Pagodas in the Sky, 1 : Palatial Archicraft as National Silhouette

This piece will introduce a new supertopic and category (as channel). It is about architecture as a field for working out or demonstrating in stasis the proposed validity of human-manufactured political narratives: a device for adding a dimension of size and space and of permanency to a recently ensconced political enterprise, an achievement of dominance and exacted respect.

Because I am working analytically rather than descriptively, and across borders and contemporality, I think it will be useful at the start to build a case for a universal post-colonial problematic, whose trail (from first cognizance to eventual compromise) seems to run almost as a continuing story from the populist anarchism of the narodniki (1860s) anti-Czarists then the strictly ordered Communism version of Marxism in Russian Marxism Then next, moving Eastward, in the retrogression of from-above monarchical “enlightenment” in Japan ; and finally in China’s much belated and politically unfertile “New Culture” movement of the years 1919 onward. Generally speaking, the cross-border migration of these dynamically utopian ideologies taken as a world-reordering whole was not a simple time-sequential affair but a meander filled with reversals and derailments as practical consequences impinged. In Lenin’s phrase, “one step forward, two steps back” was the way visions traveled.

But the movement is more unidirectional in the fields of architecture, monumental sculpture, and finally urban planning, as proposed in axial cities: first St. Petersburg; then Tokyo’s colonial second-circle or subaltern capitals (of Manchukuo and Taiwan); and finally but with considerable fumbling in China’s post-1949 capital, Beijing. (Though more smoothly in Shanghai – whose ascent as a model coastal entrepot never trusted by Beijing begins even earier, in the 1930s). ( viz. the Yangpu model “newtown” project of

But, as regards the last of these cases, there is a clearly identifiable fast-forward flow (or rather two) pf of influences in concrete and steel that links both the KMT empire’s Nanjing and Mao’s pre-GPCR to imported design: not just links but reproduces almost stone for stone, brick by brick, what had been observed first and most decisively in Manchuria’s “New Capital”.

Matters of recapitulation aside, there remain a philosophical conundrum that need to be addressed because it calls attention to an underlying dynamic, or triggering issue: viz. why is it that self-consciously post-traditional, abstractly conceived, idea-vaunting political systems seem to feel obliged to build shrines to alien, outdated, shopworn N European classicisms of one form or another? Even as these acts of conformity and community make those who set them in place always and forever nervous. They cannot but ask: do we not have an equally deep architectural past? – or a globally admired signature of revolutionary pastness that borrows from our own history?; and why do others not salute it by building likenesses in their domains? Why must the process of “capitolizing” be a one way street?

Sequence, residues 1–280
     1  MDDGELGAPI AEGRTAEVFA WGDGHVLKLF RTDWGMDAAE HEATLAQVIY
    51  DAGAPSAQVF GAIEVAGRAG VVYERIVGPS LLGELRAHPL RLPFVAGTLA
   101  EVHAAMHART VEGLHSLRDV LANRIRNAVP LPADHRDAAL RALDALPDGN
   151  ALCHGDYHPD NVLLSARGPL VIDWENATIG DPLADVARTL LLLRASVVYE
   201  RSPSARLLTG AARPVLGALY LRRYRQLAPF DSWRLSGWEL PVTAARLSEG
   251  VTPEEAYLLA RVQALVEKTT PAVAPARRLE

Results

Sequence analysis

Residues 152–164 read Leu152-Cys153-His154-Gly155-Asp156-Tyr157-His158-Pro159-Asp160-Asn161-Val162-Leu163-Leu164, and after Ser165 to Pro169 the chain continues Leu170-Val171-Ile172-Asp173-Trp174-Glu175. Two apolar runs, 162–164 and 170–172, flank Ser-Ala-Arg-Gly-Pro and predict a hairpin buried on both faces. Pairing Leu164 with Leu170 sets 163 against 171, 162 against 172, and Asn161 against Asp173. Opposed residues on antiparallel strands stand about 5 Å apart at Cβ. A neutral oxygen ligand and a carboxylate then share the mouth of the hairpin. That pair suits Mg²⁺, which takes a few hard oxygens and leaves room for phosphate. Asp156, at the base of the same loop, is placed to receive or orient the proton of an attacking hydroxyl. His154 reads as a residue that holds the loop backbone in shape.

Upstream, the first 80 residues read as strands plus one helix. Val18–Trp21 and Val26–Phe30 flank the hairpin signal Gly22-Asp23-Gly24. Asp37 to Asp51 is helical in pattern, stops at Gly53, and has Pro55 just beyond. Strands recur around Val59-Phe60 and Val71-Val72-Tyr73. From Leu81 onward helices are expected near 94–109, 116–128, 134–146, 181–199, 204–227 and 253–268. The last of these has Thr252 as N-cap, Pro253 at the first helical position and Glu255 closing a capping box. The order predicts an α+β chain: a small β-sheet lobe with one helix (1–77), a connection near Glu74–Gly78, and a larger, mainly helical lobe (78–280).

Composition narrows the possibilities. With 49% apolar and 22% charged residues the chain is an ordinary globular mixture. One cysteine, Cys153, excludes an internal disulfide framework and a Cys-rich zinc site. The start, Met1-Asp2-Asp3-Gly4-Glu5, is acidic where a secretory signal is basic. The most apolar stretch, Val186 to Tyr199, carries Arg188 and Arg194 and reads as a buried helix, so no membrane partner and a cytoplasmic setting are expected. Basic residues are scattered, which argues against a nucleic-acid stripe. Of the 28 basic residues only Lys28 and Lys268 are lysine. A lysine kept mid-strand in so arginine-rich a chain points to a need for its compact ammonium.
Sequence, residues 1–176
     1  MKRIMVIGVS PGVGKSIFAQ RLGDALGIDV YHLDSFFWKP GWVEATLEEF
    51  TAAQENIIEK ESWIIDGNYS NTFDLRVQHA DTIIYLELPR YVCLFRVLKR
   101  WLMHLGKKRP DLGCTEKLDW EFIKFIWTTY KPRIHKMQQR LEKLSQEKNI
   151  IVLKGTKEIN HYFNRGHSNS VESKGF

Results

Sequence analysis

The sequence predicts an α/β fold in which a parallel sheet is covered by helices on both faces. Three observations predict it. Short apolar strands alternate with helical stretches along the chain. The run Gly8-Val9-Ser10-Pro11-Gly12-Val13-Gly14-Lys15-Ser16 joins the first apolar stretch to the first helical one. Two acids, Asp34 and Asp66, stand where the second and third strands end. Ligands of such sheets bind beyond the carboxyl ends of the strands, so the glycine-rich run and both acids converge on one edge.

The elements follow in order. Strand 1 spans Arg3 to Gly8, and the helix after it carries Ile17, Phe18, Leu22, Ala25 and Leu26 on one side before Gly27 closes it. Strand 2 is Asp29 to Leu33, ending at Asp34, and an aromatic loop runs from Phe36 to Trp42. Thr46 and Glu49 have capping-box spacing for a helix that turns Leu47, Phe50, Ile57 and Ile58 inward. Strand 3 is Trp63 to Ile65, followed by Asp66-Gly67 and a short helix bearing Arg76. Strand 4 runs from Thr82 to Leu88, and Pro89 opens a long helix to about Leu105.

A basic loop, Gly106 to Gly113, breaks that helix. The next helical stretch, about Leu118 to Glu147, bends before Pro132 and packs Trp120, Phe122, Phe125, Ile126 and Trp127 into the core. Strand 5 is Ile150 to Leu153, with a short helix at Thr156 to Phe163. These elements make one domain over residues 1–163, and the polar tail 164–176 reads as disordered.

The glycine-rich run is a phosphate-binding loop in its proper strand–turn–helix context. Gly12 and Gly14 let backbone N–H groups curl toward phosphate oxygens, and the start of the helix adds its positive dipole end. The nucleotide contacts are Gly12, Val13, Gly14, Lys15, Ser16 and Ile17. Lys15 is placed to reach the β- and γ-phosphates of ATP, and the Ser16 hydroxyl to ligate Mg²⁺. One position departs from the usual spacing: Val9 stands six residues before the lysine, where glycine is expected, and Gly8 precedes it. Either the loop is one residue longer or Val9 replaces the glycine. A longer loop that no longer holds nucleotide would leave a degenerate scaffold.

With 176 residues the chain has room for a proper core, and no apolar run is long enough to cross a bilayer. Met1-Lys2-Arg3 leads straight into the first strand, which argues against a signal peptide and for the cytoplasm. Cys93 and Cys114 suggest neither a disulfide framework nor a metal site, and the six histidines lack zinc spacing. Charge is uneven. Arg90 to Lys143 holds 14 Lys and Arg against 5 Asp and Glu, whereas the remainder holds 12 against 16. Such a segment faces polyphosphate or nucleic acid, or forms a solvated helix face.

The problem is less problematic where one or another ancestral tie is understood to bond “the new order of things” to an older utopia. The copying or refurbishing of antiquity in that case declares the builder a renewer or rationalizer of universal impulses once shared but since lost at the hands of reaction. One need only eyeball through the designs (realized or otherwise) of the world’s great assembly halls of 18th and 19th century vintage to note the case made for Neo-classical Palladian design as a cynosure of Constitutional advance. Or even (perhaps most aggressively of all) of post-liberal Fascisms defying the very idea of representative consensus? (Speer’s Gwermania, or Mussolini’s ???).

But, as we see alike in Meiji Japan and Petrine Russia, where such idealized overlaps are problems needing careful negotiation, and cannot be taken for granted as mission, the remasking of power in neo-classical guise is ever precarious.

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Rail Stations and Hotels de Ville: the citadels of Colonial Baroque –
and how they went out of style (in Japan/Manchuria first then And then in Mao’s China

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